After Brussels Attacks, Italy Announces $336 Million Anti-Terror Heritage Protection Plan

The 20 most-visited cultural sites turn to Big Brother.

Italy has bolstered security at its famous monuments and museums. Photo: FILIPPO MONTEFORTE/AFP/Getty Images

In reaction to the terrorist attacks on Brussels last week that claimed 32 lives and injured hundreds, the Italian government has announced a three-year €300 million ($336 million) plan to increase security at its world-famous cultural heritage sites to ensure the safety of visitors and tourists.

The first level of the two-part plan sets out emergency response protocols in the event of an attack. It lays out the establishment of a task force organized at a local level by Italian prefectures in coordination with specialized supervisors and museum directors.

The second level sets out an investment of €300 million ($336 million) over a three-year period in increased security infrastructure such as metal detectors and surveillance cameras at Italy’s 20 most-visited heritage sites. These include the Colosseum, Rome; Pompeii; the Galleria dell’Accademia, Venice; the Capodimonte Museum, Naples; and the Uffizi Gallery, Florence.


A hallway at the Uffizi Gallery, Florence
Photo: Via Wikimedia Commons.

“We evaluated cultural heritage sites which are most at risk, identifying around 20,” Antonella Recchia, secretary general of the Ministry of Culture told the Italian daily Corriere della Serra. “We increased security measures at these sites, including greater police and carabinieri presence, installed metal detectors, and increased surveillance cameras.”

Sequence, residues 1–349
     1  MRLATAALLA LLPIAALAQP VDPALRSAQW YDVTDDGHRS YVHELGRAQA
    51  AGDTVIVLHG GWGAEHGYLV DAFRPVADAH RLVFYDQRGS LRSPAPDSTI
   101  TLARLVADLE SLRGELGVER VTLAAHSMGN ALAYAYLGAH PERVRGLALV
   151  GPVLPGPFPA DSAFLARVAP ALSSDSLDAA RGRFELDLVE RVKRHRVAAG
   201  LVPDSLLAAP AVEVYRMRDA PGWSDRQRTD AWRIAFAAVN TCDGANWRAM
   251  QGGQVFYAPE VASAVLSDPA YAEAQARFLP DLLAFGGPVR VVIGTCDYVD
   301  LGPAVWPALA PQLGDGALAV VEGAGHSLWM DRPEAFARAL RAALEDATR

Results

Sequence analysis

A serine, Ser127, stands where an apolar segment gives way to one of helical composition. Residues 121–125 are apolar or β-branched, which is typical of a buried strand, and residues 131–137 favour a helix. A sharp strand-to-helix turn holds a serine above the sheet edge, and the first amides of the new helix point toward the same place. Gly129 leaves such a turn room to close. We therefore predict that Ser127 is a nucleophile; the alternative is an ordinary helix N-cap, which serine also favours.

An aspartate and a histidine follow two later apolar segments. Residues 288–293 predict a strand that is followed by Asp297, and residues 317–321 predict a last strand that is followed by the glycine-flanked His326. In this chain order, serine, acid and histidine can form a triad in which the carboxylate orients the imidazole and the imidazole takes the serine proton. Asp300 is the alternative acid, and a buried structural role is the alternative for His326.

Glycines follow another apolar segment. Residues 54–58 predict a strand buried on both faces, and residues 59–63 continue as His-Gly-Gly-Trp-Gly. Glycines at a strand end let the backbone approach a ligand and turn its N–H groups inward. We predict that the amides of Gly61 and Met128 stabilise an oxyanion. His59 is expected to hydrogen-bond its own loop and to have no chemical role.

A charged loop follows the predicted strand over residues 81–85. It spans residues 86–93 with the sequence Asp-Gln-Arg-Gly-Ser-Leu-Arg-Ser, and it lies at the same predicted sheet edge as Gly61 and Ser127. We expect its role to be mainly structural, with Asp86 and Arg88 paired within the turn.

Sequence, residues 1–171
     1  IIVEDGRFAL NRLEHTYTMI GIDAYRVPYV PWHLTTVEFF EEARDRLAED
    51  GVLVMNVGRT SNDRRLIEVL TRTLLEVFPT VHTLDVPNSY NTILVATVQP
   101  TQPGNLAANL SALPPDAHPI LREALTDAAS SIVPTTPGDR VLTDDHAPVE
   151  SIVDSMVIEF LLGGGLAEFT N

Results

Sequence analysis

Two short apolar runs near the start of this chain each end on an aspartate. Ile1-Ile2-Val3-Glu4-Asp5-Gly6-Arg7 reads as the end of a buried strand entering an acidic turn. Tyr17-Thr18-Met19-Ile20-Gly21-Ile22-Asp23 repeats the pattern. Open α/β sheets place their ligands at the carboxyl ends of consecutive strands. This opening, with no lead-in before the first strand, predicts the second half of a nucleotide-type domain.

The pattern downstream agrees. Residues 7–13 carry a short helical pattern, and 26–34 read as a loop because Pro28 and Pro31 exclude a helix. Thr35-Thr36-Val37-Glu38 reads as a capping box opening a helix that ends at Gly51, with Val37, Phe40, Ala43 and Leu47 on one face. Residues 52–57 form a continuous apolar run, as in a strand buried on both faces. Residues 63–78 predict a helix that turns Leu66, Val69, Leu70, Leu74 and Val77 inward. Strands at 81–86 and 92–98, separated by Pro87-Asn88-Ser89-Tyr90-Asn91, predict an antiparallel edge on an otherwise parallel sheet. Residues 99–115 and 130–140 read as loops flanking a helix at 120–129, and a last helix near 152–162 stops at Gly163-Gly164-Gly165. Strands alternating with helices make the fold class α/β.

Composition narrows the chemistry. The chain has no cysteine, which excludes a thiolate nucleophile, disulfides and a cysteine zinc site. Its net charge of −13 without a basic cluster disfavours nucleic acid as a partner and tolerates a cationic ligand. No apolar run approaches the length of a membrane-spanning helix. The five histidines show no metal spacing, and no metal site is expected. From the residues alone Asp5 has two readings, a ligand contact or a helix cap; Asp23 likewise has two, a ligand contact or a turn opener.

Recchia added that the Ministry of Culture could not reveal more information on the government’s security plan. “If we reveal all the details then the plan is no longer useful.”

According to the Italian Ministry of Culture, €50 million ($56.6 million) has already been spent on bolstering security.

The Capodimonte Museum, Naples was amongst the 20 most at-risk sites identified by the Italian Culture Ministry. Photo: Wikimedia Commons

The Capodimonte Museum, Naples was amongst the 20 most at-risk sites identified by the Italian Culture Ministry.
Photo: Wikimedia Commons

Eike Schmidt, director of Florence’s Uffizi Gallery, said, “here at the gallery the presence of military and Carabinieri is already clearly visible.” Underlining the importance of the increased security measures he added, “thousands of people come to our museum every day. On Easter Sunday alone we recorded 8,000 admissions.”

Follow Artnet News on Facebook:

Want to stay ahead of the art world? Subscribe to our newsletter to get the breaking news, eye-opening interviews, and incisive critical takes that drive the conversation forward.


Article topics
Subscribe or log in to read the rest of this content.

You are currently logged into this Artnet News Pro account on another device. Please log off from any other devices, and then reload this page continue. To find out if you are eligible for an Artnet News Pro group subscription, please contact [email protected]. Standard subscriptions can be purchased on the subscription page.

Log In